4. England (+22)
Well, this was an improvement, huh? Even early on in the first game it was clear the kind of young, quick attacking team that England were, though the physical game Tunisia played almost cost them two points. Panama were put to the sword in clinical fashion, before the second string tamely lost out to their Belgian counterparts. Kane, Lingard, Trippier, Maguire, they were all showing what they were capable of, in attack and in set-pieces.
But job done, and the easier side of the draw beckoned. England should have put a very indisciplined Columbia away far earlier than they did, dominating most of the game before letting slip an equaliser. Arguably lucky to make it through extra time, the banishing of the shoot-out hoodoo was a very important moment for Southgate’s side.
A very pedestrian challenge awaited in the quarter-finals, where a one-dimensional Swedish side were dispatched without too much fuss. England’s strength at set-pieces was obvious, and even if a brief Swedish resurgence in the last half-hour showed some flaws in the system, England had gotten further than they had in 28 years.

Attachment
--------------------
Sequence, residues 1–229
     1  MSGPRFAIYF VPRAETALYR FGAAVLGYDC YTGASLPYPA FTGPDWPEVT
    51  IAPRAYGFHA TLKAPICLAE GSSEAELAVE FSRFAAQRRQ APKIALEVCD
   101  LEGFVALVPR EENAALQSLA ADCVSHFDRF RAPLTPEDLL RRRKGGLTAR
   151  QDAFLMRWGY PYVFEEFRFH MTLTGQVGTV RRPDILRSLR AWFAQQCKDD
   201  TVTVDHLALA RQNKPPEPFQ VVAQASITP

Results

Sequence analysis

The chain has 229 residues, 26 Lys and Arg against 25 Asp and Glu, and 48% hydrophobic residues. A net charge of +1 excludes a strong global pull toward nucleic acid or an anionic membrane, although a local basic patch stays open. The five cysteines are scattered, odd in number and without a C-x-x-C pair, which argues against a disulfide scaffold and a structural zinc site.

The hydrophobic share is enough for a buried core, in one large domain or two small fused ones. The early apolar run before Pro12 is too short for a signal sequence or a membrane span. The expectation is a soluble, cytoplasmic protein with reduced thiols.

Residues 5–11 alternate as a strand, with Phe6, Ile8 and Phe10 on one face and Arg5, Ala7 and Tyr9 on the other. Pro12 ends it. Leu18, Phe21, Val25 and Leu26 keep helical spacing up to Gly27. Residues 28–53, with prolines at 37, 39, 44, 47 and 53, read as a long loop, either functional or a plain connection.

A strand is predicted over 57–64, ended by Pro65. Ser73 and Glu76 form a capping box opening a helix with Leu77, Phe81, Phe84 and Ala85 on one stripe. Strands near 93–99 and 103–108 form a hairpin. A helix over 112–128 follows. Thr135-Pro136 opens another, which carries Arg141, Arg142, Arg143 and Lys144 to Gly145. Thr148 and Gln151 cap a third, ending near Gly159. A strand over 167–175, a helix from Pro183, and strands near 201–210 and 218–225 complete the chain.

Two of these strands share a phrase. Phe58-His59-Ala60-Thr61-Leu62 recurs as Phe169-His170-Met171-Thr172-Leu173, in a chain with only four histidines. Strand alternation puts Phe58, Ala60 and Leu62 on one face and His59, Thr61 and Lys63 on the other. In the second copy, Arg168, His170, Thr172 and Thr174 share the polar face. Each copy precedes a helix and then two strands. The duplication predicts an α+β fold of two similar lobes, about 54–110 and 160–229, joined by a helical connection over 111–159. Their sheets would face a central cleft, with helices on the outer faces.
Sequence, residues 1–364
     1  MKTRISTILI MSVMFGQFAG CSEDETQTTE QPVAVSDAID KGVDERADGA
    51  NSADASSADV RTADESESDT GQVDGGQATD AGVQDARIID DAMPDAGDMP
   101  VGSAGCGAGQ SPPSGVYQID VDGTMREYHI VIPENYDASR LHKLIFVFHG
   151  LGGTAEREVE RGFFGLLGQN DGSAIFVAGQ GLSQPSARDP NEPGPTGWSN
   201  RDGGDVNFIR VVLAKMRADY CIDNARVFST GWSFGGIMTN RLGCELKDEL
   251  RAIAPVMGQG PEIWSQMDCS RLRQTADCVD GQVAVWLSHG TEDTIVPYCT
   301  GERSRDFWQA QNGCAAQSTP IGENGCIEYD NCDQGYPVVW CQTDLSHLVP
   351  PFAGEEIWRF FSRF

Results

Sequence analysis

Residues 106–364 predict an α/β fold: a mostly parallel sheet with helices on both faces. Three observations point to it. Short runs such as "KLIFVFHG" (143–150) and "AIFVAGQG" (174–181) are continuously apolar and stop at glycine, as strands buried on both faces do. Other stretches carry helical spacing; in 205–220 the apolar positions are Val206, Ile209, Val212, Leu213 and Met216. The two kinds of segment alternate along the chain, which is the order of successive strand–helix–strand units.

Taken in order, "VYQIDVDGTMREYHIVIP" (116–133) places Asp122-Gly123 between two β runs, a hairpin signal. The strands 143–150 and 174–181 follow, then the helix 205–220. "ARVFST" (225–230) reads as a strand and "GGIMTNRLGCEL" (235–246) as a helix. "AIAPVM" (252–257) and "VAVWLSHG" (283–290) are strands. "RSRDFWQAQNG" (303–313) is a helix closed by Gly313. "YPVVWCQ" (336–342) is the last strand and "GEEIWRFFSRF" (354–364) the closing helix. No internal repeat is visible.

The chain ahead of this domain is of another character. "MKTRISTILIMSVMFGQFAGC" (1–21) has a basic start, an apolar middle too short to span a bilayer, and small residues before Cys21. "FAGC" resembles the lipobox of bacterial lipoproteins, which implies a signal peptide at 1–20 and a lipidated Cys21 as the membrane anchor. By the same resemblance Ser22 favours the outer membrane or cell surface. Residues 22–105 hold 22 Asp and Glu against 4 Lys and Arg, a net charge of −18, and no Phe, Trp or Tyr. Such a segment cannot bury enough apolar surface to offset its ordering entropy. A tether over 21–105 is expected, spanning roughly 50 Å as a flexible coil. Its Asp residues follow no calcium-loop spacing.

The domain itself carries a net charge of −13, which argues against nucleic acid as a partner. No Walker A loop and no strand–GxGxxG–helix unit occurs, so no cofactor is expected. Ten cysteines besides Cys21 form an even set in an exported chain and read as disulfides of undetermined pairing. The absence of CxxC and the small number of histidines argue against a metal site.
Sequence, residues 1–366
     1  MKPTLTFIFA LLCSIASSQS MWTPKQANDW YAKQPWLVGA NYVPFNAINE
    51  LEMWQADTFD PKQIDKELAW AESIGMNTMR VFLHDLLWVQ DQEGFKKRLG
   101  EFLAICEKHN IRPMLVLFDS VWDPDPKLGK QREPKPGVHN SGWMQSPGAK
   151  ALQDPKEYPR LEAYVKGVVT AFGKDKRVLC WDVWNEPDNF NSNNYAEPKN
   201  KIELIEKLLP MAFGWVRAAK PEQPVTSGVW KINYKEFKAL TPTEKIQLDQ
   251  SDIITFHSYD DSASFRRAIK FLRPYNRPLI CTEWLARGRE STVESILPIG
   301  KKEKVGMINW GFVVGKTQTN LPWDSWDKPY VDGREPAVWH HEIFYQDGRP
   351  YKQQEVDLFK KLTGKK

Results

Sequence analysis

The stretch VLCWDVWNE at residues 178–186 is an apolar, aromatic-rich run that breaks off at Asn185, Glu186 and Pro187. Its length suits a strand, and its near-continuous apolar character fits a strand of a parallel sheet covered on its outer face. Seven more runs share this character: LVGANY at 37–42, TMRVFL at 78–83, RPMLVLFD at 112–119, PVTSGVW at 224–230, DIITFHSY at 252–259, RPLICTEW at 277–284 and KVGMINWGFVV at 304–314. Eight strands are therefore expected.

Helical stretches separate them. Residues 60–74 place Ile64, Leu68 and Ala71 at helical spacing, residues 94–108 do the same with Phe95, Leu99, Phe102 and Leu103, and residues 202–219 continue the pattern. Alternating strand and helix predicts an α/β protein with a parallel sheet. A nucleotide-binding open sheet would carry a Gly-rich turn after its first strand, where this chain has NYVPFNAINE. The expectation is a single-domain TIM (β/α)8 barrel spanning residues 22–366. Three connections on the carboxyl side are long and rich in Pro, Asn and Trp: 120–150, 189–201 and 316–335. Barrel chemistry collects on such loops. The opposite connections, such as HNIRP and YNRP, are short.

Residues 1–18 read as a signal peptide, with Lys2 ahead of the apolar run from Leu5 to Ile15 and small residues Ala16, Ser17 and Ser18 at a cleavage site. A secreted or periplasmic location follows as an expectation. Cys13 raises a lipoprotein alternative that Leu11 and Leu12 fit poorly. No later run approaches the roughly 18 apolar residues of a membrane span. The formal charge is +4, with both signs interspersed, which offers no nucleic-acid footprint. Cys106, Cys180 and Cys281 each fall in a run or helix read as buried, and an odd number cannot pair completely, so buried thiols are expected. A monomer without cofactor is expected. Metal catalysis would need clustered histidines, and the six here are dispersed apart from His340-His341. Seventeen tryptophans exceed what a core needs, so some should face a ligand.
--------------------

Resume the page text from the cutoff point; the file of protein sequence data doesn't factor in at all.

Croatia proved too hard a nut to crack. Perhaps they exerted themselves too much in the first half, perhaps Croatian resolve and midfield dominance simply told over the course of 120 minutes. Either way, once Croatia had equalised, England seemed adrift, with Kane ineffective and the defence looking porous. A bare exertion in the 3rd Place Play-Off followed. England over-achieved at this World Cup, and should be proud of an exceptional effort, but they should also be wary of overhype and an inability to recognise flaws.
3. Belgium (+5)
You would presume Belgium will have more chances at glory, but perhaps none better at the biggest stage than here. The First Round was completed in ruthless fashion, with convincing wins over Panama, Tunisia and then a lackadaisical England, as the attacking trio of Lukaku, De Bryne and Hazard showed why they are so potent, while a wealth of solid midfield and defensive players held the line behind.